According to Guy Kawasaki, former chief evangelist at Apple and current leader at Canva, having more money doesn’t equate with success. “Those with money,” he said, “abdicate and hire a digital agency. And then they’re going to have this team of 10 to craft a Tweet,” he continues. “So 10 people craft a Tweet, three people work on the graphics, three lawyers are making sure you don’t promise anything in the Tweet, and 45 days later you Tweet.”
This approach can mean death to a small- to medium company. You’re spending way too much and taking way too much time to do it, just because it can be done, with the cost vs. benefit way out of proportion to what you are trying to achieve. And in a business where change is the norm, taking this much time to do a relatively easy task means you’re already behind before you even get started. So, think about what you really need, and if it will really be something that will help your business improve, before committing to following through.
Once Upon a Time…
There was a person with a dream of opening a tech business. The process this person developed to reach this goal makes for a very interesting personal journey. Many in similar circumstances can relate to the story. So tell your stories! According to Kawasaki, “The genesis of most great tech companies is that people are creating something that they themselves wanted to use.” Creating a business is a personal commitment requiring passion in what you want to achieve. Include personal stories and experiences in blogs and others will learn from you and respect you and your business.
Make Your Website a Priority
Your website is the basis of all your marketing practices. Think of it as the front door to your home. Visitors’ first impression is critical in determining if they want to stay, or go visit somebody else. It is the first place potential customers go to learn about your business. From there, they can sign up for email newsletters, go to your Facebook page, provide valuable feedback, and add their name to your contact database.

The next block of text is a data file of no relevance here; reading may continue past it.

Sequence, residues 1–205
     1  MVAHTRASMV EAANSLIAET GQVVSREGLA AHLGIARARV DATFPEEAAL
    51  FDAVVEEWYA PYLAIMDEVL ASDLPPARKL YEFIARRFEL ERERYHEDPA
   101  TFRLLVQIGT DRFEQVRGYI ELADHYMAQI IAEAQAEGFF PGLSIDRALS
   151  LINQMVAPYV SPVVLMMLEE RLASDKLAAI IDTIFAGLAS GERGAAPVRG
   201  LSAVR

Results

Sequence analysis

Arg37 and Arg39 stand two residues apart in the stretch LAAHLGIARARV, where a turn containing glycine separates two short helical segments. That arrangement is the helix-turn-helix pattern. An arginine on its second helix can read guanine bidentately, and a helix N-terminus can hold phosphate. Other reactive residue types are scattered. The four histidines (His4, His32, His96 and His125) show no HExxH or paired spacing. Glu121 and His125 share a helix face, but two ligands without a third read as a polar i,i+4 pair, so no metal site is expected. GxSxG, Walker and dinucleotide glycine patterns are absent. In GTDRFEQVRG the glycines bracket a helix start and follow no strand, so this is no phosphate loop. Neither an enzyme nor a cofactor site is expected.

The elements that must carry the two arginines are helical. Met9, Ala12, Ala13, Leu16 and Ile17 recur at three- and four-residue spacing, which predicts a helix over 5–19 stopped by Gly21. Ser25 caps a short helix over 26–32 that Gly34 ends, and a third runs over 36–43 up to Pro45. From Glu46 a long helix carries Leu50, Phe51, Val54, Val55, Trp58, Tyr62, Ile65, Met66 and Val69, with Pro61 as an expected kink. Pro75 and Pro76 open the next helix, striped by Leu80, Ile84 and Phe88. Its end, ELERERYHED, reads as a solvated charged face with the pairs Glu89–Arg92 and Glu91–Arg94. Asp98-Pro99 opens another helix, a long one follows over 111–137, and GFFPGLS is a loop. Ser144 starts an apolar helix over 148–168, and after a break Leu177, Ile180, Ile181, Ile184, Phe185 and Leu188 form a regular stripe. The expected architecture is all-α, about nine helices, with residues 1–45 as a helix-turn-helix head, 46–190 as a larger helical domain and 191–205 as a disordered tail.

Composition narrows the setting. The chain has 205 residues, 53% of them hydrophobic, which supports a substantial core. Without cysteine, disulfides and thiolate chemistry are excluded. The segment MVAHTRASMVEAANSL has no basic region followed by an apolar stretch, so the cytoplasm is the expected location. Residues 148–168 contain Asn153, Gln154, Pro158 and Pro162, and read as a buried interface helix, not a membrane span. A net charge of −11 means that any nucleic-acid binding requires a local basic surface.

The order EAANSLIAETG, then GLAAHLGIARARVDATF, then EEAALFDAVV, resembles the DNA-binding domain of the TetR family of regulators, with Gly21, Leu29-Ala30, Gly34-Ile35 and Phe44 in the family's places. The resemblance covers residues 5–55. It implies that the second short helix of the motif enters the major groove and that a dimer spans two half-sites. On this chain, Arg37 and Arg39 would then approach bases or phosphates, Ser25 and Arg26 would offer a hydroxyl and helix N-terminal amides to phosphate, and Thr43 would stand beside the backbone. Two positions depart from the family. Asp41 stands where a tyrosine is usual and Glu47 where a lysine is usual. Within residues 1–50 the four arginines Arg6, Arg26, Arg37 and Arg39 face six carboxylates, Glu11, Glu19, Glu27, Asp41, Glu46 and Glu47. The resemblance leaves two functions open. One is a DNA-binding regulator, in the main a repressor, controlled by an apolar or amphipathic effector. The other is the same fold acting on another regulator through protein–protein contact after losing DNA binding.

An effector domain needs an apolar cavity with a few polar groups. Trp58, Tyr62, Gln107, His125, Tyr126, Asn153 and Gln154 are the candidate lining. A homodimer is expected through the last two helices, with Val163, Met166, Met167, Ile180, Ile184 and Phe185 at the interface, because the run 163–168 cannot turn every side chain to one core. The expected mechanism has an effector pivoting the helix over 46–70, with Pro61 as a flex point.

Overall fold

But guess what? If your site looks like something your grandma designed in her sleep, and it has links that go nowhere, contains content that isn’t relevant, incomplete, or not engaging, you’re screwed. Your potential client will go back to Google and find a site that is professional, simple, modern, and informative. You can opt for an existing site update or a major do-over. Add some new pictures, update the information, regularly check for broken links, ensure that visitors have several ways to contact your business.
Organize your content around the visitor’s needs. Focus on what they want, and get it on the site. Run a promotion or use social media to get visitors to the site. This will at least get them to the site and hopefully they will stay there. And one thing that many website designers and businesses who design a site in-house may overlook—mobile devices. As much as 50 percent of your customers are visiting your website with their smartphones and tablets. Make sure your site is optimized for mobile devices, or your clients will be tripping over their keyboards to move on to the competition.
Reconnect With Old Contacts
Now that you’ve redefined your business goals, updated your website so it is a work of art, and seen improvements in traffic, it’s time to reconnect with past clients and contacts. Invite them to visit your new and improved website. Offer them a discount or special deal to encourage them to resurrect your business relationship, and with new contacts, make sure you provide details on how your business can do the job better than the competition. Don’t be pushy, but don’t give up either.
That is a lot to think about. Even updating your website alone can be a daunting task. But remember; there is help out there, so get a “maid” to help you “clean house.” A professional website design firm can complete some of the hardest tasks as part of your overall spring cleaning activities.